“Bare-metal” installation (Python 2/3)¶
mriqc follows the [BIDSApps] specification, the execution is
split in two consecutive steps: a first level (or
by a second level (or
participant level, all individual images to be processed are run
through the pipeline, and the MRIQC measures are extracted and
the individual reports (see The MRIQC Reports) generated.
group level, the IQMs extracted in
first place are combined in a table and the group reports are generated.
The first (
participant) level is executed as follows:
mriqc bids-dataset/ out/ participant
Please note the keyword
participant as fourth positional argument.
It is possible to run
mriqc on specific subjects using
mriqc bids-dataset/ out/ participant --participant_label S001 S002
S002 are subject identifiers, corresponding to the folders
sub-S002 in the BIDS tree.
Here, it is also accepted to use the
mriqc bids-dataset/ out/ participant --participant_label sub-S001 sub-S002
If the argument
--participant_label is not provided, then all
subjects will be processed and the group level analysis will
automatically be executed without need of running the command in item 3.
After running the
participant level with the
group level will not be automatically triggered.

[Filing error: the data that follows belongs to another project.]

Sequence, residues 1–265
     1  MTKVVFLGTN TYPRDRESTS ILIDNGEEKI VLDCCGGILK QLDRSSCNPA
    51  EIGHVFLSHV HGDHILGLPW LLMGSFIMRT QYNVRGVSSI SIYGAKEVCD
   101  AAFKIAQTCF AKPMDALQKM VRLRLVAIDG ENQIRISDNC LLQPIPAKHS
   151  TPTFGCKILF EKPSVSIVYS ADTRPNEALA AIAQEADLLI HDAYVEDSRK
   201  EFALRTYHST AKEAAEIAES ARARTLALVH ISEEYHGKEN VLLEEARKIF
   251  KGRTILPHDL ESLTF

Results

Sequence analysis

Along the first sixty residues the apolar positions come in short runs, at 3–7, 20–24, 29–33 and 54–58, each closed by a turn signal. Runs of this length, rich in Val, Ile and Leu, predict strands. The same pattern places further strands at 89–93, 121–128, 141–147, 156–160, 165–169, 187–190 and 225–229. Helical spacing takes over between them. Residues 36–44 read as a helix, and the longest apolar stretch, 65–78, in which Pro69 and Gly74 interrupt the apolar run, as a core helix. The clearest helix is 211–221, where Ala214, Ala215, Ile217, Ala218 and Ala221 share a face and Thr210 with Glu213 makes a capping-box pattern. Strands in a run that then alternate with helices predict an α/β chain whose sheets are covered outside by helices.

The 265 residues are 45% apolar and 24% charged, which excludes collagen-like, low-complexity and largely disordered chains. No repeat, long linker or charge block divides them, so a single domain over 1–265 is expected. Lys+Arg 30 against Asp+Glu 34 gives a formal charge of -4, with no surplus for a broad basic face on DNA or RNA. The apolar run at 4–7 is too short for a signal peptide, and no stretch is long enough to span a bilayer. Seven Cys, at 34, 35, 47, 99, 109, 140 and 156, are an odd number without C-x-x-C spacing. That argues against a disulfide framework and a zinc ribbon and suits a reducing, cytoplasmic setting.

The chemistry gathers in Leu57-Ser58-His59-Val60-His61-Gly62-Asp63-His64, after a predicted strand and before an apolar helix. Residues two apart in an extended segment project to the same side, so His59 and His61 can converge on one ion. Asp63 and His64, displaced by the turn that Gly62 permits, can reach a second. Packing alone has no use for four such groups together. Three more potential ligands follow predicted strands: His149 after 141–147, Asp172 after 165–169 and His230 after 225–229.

To run the group level analysis:
mriqc bids-dataset/ out/ group
Examples of the generated visual reports are found in mriqc.org.
Depending on the input images, the resulting outputs will vary as described next.
If you have Docker installed, the quickest way to get
mriqc to work
is following the running with docker guide.
Running MRIQC on HPC clusters¶
We have profiled cores and memory usages with the resource profiler tool of nipype.
An MRIQC run of one subject (from the ABIDE) dataset, containing only one run, one BOLD task (resting-state) yielded the following report:
MultiProcplugin of nipype with
nprocs=10, the workflow nodes run across the available processors for 41.68 minutes. A memory peak of 8GB is reached by the end of the runtime, when the plotting nodes are fired up.
We also profiled MRIQC on a dataset with 8 tasks (one run per task), on ds030 of OpenfMRI:
Again, we used
n_procs=10. The software run for roughly about the same time (47.11 min). Most of the run time, memory usage keeps around a maximum of 10GB. Since we saw a memory consumption of 1-2GB during the the 1-task example, a rule of thumb may be that each task takes around 1GB of memory.